Council breaching revenue rules over VAT on fuel, report reveals

Craven Council breached Revenue and Customs rules and a councillor was paid expenses despite an out-of-date driving licence on file, a report has revealed.

Reimbursment was made for 1,600 miles after the councillor’s driving licence expired, according to the Internal Audit Review of Members’ Expenses.

“It may be that the councillor has an up-to -date driving license now, but this information has yet to be submitted to the council,” said the report, which will be presented to Craven Council’s Audit and Governance Committee today.

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One councillor claimed for mileage during a period not covered by the insurance policy and a third claimed and received reimbursement for mileage travelled while on official council business – despite having inadequate annual business insurance cover.

The report found that Craven Council is “currently breaching HMRC’s rules relating to the VAT treatment of fuel when used in private vehicles”.

And it revealed four councillors have claimed and received reimbursement for mileage undertaken but have failed to submit details of the driving licences or business insurance when requested by the finance team as part of their annual procedures.

The audit awarded a “partial” level of assurance, meaning that “weaknesses are identified in the design or inconsistent application of controls, which put the achievement of some of the council’s corporate and service objectives at risk in the areas reviewed”. It unearthed a catalogue of weaknesses including: “a lack of clarity over which mileage rates should be used to reimburse members” and inconsistency between different meal subsistence rates allowable for officers and councillors.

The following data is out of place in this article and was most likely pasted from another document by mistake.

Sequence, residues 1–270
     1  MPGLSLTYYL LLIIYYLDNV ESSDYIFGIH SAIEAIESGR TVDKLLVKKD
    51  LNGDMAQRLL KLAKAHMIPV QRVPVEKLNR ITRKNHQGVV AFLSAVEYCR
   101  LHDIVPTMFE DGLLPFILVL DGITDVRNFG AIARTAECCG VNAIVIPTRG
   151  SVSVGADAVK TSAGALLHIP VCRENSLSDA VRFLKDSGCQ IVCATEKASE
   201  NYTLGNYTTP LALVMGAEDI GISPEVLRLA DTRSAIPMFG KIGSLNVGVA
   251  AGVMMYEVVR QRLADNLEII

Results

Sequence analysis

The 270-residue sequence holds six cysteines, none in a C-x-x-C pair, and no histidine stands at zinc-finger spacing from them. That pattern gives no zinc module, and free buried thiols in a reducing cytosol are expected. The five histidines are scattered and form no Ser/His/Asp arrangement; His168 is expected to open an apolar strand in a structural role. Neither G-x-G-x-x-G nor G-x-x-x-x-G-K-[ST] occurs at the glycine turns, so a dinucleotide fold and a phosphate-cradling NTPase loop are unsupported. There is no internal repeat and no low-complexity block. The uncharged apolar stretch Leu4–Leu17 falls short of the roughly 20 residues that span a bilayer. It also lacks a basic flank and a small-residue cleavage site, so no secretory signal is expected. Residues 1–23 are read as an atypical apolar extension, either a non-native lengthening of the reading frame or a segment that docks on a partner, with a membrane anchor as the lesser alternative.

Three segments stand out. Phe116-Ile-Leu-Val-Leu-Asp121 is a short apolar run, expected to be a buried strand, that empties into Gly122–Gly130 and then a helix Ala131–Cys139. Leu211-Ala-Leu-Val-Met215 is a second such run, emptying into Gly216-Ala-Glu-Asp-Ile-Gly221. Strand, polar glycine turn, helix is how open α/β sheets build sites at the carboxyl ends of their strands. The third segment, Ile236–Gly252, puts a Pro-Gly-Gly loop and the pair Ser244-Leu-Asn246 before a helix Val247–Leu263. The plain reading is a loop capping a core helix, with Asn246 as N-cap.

Auditors found the council may be reimbursing mileage claims for unapproved visits and uncovered several instances where payments made have breached its own policy.

Last year, £15.50 was reimbursed to one councillor for payment of three bottles of beer – despite policy prohibiting claims for alcoholic drinks. “This should never have been part of an expense claim but should also have been identified at the claim verification stage and rejected,” the report said. The councillor must now reimburse the local authority.

The report did show, however, that no councillor has submitted a fraudulent mileage or subsistence claim for a meeting they did not attend.

A Craven District Council spokeswoman said: “The report presents the findings of the council’s Internal Audit service following their review of the council’s procedures for the payment of member allowances and expenses.

“This review was undertaken as part of the planned programme of reviews of the council’s services by the internal audit team. The purpose of the report is to highlight any potential risks to the council’s procedures and finances and suggest improvements, this is the case with all such reviews by internal audit.

“The report contains a number of recommendations for improvement which the council will implement.”

One councillor must repay £23.42 to the council after an apparent blunder. The report reveals that on one mileage claim, the member requested reimbursement of a £44.22 train fare. But on checking the attached receipt, the auditor found the claimant had added together the cost of the fare (£20.80) to the time of the return train (23:42).

The review of members’ expenses covers mileage and subsistence claims reimbursed between April 1 2013 and November 30 2013. During that period £6,252 was reimbursed to 12 councillors.

This compares to £6,422 paid to 16 councillors for the whole of 2012/13.